The book goes over common growth strategies Elad has used. He focuses on providing advice for startups that have achieved product-market fit and covers vital topics required to successfully manage growth such as recruitment, managing shareholders, and setting up your business for a successful exit.

Zero to One By Peter Thiel

Recommended by Hiten Shah

Zero to One By Peter Thiel

What you’ll learn: How to develop business ideas that can change the world, and taking them from strategy to execution.

This book focuses on providing practical advice that help one tackle big business challenges. It goes into how innovation is not about building on other ideas, but doing something entirely new that can have a huge impact on the world. Carving out new industries instead of disrupting existing ones.

Trillion Dollar Coach By Alan Eagle, Eric Schmidt, and Jonathan Rosenberg

Recommended by: Forbes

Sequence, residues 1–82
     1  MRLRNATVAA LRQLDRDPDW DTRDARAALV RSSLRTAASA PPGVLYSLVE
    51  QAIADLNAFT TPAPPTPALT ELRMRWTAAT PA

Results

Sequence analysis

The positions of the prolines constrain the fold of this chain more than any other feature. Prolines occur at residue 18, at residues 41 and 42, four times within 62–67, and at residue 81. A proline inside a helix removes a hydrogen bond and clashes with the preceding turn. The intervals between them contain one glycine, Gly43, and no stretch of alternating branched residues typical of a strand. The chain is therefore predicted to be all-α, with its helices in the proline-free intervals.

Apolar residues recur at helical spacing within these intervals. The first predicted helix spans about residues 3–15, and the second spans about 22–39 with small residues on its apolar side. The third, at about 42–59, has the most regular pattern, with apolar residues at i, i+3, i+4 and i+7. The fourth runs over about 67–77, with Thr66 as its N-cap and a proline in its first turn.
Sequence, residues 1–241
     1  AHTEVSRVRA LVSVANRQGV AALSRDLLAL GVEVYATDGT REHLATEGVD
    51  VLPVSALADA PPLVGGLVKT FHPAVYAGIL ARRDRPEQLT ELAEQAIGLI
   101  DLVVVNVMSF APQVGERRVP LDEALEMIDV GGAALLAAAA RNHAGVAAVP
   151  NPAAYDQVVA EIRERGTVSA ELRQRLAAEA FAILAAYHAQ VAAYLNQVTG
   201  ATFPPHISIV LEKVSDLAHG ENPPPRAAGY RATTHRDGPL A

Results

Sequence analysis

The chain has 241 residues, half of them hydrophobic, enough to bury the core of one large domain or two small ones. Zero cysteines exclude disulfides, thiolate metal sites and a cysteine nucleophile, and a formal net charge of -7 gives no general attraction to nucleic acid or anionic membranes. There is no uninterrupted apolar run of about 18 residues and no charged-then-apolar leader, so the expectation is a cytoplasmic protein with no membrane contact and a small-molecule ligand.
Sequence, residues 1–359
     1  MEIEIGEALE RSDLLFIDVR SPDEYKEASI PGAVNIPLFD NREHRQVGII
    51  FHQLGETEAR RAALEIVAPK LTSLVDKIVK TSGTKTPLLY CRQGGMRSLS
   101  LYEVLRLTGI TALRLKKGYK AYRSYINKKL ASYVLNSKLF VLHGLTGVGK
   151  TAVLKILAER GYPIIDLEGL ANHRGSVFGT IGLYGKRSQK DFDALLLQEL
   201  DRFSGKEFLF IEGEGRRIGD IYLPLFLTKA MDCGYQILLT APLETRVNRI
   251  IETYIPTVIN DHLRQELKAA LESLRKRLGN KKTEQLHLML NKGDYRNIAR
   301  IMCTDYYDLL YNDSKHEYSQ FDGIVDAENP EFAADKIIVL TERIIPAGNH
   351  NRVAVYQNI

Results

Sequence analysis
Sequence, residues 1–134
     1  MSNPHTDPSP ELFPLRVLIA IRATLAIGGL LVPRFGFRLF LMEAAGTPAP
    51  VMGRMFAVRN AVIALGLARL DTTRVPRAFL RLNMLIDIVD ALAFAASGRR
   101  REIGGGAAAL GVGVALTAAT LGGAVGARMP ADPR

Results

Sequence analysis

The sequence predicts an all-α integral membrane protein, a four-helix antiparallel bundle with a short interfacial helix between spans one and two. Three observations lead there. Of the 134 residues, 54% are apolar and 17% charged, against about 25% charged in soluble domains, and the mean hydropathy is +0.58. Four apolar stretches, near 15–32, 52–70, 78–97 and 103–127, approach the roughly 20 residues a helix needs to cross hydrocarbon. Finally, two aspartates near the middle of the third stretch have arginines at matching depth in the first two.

Trillion Dollar Coach By Alan Eagle, Eric Schmidt, and Jonathan Rosenberg

What you’ll learn: The key principles that Bill Campbell used to advise and nurture the leaders of the Technology world today such as Google and Apple.

This book dives into the key management lessons they learned from Bill over the years that helped navigate Google to where it is today. It looks at the instrumental strategies Bill helped develop and execute in other organizations such as Apple and Intuit and the personal coaching he provided to leaders such as Steve Jobs.

Rework By Jason Fried and David Hansson

Recommended by Hiten Shah

Rework By Jason Fried and David Hansson

What you’ll learn: To dispel the notion that launching ideas require careful planning and lots of capital – this book shows how to build a business the fast and lean way.